Tailoring Your Message to the Medium
A few weeks ago, National Public Radio gave its standout comedy quiz show, “Wait Wait Don’t Tell Me” a shot at the big-time: a Friday night slot on BBC America television. I’m a huge fan of the Saturday morning show, now in its 14th year, which features a recap of the week’s news parceled into clever segments delivered by witty host, Peter Sagal, and quick-thinking celebrities like Paula Poundstone and Tom Bodett of Motel 6 fame (“we’ll leave the lights on”).
But about 15 minutes into the TV version, I wanted the lights to go off. It was basically the same format, but it just didn’t work. It wasn’t just seeing how un-telegenic the “stars” were or having needless photos flash before us. The problem was more that it just didn’t suit the medium. They had kind of boasted that nothing would be different from the show you love on radio, but that was the point. It should have been different.
Tailoring your message to the medium can be a critical skill to learn. And now that there are so many mediums—TV, radio, print, Twitter, websites, Facebook, LinkedIn, etc.—it has become even more difficult and important to get right. Why has Twitter become so popular? Probably because at 140 characters, you can tweet in a flash. But good writers will tell you that being effective in a short post may be harder than a long one. If you have a study or new product to promote, best to choose your characters carefully.
An old friend of mine, Dan Daly, a sports columnist for The Washington Times, excels at Twitter. Last night, during the one-sided college football championship game between winner Alabama and LSU (and Coach Les Miles), Daly tweeted, “Miles — That’s how far the yardsticks seemed apart when LSU had the ball.” It was perfect for the medium—short, clever and timely. Another good tweet I saw came from the Talent Zoo and read: “How many of you…’pin’? Is Pinterest the next big social media thing?” This got me curious, and I found that Pinterest received nearly 11 million visits in the week that ended Dec. 17! That makes it the No. 10 social site (according to Hitwise).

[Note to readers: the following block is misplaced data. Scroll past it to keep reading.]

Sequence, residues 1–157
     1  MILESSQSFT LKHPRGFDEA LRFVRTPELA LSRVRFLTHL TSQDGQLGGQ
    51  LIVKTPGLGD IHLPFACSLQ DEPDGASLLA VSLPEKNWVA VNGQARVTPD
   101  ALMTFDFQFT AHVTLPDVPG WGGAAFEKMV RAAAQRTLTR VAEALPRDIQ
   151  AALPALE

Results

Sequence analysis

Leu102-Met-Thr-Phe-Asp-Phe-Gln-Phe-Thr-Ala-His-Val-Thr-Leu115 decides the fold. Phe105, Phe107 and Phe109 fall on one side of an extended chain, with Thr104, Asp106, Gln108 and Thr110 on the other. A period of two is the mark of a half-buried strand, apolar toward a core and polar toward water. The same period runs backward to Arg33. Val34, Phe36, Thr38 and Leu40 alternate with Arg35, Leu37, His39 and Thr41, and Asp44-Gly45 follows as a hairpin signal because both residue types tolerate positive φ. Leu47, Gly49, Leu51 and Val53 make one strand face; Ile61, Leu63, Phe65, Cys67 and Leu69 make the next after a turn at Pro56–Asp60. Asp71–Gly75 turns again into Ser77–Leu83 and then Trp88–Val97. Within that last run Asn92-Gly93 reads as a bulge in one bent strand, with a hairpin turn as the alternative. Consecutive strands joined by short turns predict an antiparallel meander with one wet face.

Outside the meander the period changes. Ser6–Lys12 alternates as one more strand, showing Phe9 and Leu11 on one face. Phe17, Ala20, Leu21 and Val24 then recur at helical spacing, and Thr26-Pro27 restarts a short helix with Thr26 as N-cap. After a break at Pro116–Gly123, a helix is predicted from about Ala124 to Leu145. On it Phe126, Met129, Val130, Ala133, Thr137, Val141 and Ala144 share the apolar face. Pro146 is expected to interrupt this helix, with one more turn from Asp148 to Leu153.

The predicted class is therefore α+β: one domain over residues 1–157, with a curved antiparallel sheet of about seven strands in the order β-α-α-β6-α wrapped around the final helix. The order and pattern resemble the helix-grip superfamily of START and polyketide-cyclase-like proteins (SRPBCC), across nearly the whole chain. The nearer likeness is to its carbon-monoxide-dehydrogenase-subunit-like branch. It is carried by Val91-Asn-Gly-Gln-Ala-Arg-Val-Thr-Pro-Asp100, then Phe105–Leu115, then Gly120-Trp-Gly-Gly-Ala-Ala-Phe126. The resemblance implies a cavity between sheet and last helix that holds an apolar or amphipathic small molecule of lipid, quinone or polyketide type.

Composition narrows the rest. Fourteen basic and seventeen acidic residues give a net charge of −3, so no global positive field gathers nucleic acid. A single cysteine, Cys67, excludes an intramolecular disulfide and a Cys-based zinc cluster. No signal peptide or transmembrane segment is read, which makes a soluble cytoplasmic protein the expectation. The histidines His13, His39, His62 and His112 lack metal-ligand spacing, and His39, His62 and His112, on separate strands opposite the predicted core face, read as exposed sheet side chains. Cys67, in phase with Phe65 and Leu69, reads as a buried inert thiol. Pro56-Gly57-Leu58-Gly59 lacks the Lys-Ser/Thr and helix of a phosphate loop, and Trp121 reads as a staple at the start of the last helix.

When I google “right message for the medium,” I get responses about finding the right medium for your message. But in this age of repurposing, it would seem that shaping the message for the medium would count more. You basically know the audiences that each medium will bring, so it’s up to you to tailor your information for those people. Wrote Kurt Lorenz on the site Zillner.com, “…[the message and the medium] have to work together to create a message that resonates with the target audience, delivered to them in a manner that reaches through the clutter and creates the best chance of being received.”
Take our new SIPAwards program. For Hotline newsletter, I’ll craft an article about the importance of awards to the people who win them and their customers and bosses; for this space, I may profile a few winners; for LinkedIn, I’ll start a discussion on the new categories; on our website, it would be great to post a short video interview with a past winner; and on Twitter I’ll try to be clever in giving weekly promotions.
A blog post on Moneywelove.com makes another good point. We need to back up our messages with action. In other words, SIPAwards better be good. “It’s not enough to tailor a message to your audience, then craft and polish and distribute that message. That message includes a promise, and your audience will expect follow-through on that promise. Your job as a business owner or manager is to give the audience what you promised. And that’s how you truly make your message shine through, because that message has become part of your business and your business must reflect that.”
Meanwhile, I haven’t seen any more BBCA promos for “Wait Wait.” But they have posted more interesting photos on their website. Just sayin’.
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